BlackBerry has spent the last three years restructuring. The outcome of all that shuffling is a new smartphone released by BlackBerry this week called the Passport.
Unlike the phones that tried to compete with Apple’s iPhone and failed miserably, the Passport brings BlackBerry back to its former roots. The company is, once again, concentrating on smartphones that were made and built for business.
The Passport Design
This smartphone is big. It’s also really square. So, it’s a big and square smartphone that’s huge in size and makes no effort to hide. At 5.03-inches tall and 3.55 inches wide, this phone is really hard to miss. It’s also a phone that’s solely focused on productivity, and on making it much easier for businesspeople to get everyday tasks done. The problem with a phone of this size and weight (it’s much heavier than an iPhone, by the way) is that it’s awkward to hold, use, and multi-task with.
This isn’t a phone that you will want to slip inside of your pocket (and it probably won’t fit), and it’s not a phone that you can easily use with one hand. On the plus side, it is a seriously rugged phone with a frame that just feels sturdy. This isn’t a phone that’s going to bend if you put it in your pocket, and it’s not one that will easily drop either. BlackBerry is banking on the fact that the Passport will stay intact no matter what you throw at it.
There’s a reason why BlackBerry went with such a strange size and shape, and it has to do with this phone’s display. The Passport comes with a high-resolution, 4.5-inch, 1,440 x 1,440 pixel IPS LCD display. Why such a big screen and great display? The Passport was built so you can read things like spreadsheets and clearly view emails. This is not a phone that was made for the app world, it was made for business purposes, and that’s why the Passport might just work out for BlackBerry.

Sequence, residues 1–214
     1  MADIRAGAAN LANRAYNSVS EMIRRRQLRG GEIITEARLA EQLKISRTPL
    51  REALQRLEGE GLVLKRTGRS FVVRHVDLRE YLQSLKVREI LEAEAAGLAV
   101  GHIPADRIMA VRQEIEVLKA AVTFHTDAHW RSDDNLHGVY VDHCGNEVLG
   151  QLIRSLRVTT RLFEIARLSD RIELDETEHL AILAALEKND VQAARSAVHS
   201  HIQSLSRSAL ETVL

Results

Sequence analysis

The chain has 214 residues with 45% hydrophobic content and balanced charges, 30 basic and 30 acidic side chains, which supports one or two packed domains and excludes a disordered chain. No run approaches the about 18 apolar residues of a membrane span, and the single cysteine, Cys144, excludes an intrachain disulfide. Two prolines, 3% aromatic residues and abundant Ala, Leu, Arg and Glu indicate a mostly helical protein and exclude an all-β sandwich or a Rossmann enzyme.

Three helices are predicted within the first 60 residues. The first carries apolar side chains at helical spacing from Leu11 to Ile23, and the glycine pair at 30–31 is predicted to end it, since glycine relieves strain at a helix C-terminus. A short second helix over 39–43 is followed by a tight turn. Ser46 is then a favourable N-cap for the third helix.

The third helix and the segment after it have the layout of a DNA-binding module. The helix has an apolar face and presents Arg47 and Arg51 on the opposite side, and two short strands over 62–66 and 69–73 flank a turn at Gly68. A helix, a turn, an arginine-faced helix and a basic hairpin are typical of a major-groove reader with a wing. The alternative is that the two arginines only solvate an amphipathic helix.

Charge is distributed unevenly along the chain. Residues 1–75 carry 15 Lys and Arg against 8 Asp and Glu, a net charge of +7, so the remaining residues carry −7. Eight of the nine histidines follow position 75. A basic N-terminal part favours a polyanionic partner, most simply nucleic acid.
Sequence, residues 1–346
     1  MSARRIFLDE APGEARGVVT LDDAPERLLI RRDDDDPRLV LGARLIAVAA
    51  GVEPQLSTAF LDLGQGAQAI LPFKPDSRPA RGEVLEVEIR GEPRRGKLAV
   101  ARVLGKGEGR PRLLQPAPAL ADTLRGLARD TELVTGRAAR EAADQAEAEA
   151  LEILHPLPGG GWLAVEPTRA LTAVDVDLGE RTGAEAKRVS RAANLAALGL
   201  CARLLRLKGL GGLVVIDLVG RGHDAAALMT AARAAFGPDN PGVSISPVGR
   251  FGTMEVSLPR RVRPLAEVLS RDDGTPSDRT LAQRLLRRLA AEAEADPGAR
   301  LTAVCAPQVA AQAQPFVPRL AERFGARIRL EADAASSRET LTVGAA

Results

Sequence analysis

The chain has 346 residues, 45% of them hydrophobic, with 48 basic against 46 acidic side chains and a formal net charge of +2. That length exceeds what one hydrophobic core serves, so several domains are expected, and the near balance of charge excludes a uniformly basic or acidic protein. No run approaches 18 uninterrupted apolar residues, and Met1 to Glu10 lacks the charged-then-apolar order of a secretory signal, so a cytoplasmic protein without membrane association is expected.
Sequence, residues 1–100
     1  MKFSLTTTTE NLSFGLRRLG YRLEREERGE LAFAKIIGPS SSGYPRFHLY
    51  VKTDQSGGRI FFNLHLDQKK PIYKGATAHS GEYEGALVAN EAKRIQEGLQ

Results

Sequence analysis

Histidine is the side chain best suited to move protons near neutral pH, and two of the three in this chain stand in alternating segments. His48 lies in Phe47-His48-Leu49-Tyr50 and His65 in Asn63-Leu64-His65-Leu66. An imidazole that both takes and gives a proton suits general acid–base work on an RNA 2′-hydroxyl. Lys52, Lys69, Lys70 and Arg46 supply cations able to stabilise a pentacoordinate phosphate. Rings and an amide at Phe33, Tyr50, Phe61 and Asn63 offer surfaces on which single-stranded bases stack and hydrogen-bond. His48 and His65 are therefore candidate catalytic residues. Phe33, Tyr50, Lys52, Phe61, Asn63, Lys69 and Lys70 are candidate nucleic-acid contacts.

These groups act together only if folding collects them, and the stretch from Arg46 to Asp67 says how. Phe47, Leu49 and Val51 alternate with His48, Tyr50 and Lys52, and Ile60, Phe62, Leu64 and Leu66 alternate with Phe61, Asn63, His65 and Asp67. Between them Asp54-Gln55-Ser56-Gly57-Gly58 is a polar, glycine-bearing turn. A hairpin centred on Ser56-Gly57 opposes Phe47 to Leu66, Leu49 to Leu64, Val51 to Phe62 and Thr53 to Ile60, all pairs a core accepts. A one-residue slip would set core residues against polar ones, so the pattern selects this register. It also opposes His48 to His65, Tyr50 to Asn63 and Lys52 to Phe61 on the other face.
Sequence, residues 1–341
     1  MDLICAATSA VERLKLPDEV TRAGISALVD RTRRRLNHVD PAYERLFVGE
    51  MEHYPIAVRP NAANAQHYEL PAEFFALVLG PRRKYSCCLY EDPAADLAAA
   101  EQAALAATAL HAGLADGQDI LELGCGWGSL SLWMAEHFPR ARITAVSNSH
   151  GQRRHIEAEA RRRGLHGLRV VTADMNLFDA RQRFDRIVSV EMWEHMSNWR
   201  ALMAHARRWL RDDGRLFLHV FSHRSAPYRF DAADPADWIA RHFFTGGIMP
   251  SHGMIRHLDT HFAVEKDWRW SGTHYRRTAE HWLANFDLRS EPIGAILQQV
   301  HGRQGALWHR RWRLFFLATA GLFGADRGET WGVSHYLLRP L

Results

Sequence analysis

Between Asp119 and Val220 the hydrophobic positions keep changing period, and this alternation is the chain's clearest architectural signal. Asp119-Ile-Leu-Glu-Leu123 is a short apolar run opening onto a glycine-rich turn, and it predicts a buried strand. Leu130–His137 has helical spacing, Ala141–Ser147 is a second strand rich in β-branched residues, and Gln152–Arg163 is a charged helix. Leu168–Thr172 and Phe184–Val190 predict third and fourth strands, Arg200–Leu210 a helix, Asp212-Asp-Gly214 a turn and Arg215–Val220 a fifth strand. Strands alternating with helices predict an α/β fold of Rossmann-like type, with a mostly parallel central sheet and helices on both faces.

Here’s what might get you really excited if you miss the old BlackBerry models. The Passport comes with a physical keyboard. You won’t find a virtual keyboard with this phone, and that’s welcome news to anyone that loves the old design. But, some reviewers have noted that the Passport keyboard feels awkward, and the company has split the keyboard in a strange way, so you may not be as comfortable using this keyboard as you were with BlackBerry keyboards past.
The Passport runs on BlackBerry 10.3, which is a slight upgrade from BlackBerry 10. 10.3 runs mostly based on something that BlackBerry calls “The Hub,” which is really a central notification center for everything from emails to Tweets. Basically, you can access the Hub, and get all the notifications that you want and need in one quick place. The idea is a good one, but there is a slight learning curve.
If you want a sturdier phone that’s also a strict business tool, the Passport might be a good option, but it is much larger than most phones you’re probably used to. The Passport retails for $249.